I work internally as a Software Developer for a medium-sized (300+ employees), stable company. This is my first job after getting my degree, and I joined a team of 3 other developers. The reason I was recruited was because the manager wanted to rely less on external IT companies and retain knowledge inside the internal IT team. The 3 other developers never started out as developers, per say. They all sort of stumbled into it. As a result, I'm the most knowledgeable, and have, as a result, taken a role of tutor and code reviewer in addition to my own programming.
One of the other 3 developers has quit - which is fine, we can handle the workload.
However, I feel that I will soon be hitting some sort of 'knowledge' cap of what I can learn programming-wise. This scares me for the following reasons:
- I will get bored, which will mean I will be less productive.
- I don't want to stop learning. Making in-house projects start-to-finish is fun, up to the point where it gets repetitive.
We have a job opening to replace the developer who quit. However, my manager has just got a budget increase and has been noticing that we can hold the fort. He's leaning towards closing the job opening, and going back to hiring more external help. He is now asking whether we (the 3 remaining programmers) agree. Which leaves me conflicted.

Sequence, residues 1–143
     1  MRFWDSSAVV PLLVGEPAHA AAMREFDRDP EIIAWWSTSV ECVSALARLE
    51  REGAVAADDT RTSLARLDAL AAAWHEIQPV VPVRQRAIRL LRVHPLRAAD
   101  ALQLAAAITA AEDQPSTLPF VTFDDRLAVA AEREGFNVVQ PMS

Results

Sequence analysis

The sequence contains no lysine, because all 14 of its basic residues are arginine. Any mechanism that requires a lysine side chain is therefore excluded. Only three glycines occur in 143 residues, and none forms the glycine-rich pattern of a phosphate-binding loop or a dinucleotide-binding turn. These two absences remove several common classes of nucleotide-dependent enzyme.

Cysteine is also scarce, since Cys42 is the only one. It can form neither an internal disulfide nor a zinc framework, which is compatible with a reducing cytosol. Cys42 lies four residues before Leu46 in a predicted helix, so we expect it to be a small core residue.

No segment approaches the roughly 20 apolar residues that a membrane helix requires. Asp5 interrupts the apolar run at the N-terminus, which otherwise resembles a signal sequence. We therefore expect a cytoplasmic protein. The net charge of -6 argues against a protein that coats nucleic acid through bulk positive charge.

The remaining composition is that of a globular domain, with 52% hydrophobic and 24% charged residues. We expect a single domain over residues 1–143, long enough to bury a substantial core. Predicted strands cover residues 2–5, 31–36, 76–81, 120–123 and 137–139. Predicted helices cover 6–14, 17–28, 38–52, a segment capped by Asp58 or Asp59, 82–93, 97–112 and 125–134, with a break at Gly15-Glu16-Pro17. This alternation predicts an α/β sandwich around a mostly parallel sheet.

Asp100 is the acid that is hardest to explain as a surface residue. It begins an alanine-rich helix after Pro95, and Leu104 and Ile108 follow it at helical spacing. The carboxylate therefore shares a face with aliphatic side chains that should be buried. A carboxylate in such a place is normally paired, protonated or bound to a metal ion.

I am pretty much set on not staying any longer than 2016 Q2, because of the aforementioned reasons. While the workplace is awesome, I have no desire to settle and stick to what I know.
As such, I'm all for getting a fourth developer, so my departure will go smooth because "the new guy" will be properly trained. However, none of my colleagues seem to think so. They're talking about all the upcoming "challenges" (more of the same), and don't seem to consider I won't be here for all of them.
So; how do I communicate this? I want them to strongly consider leaving the job opening open, without causing a ruckus by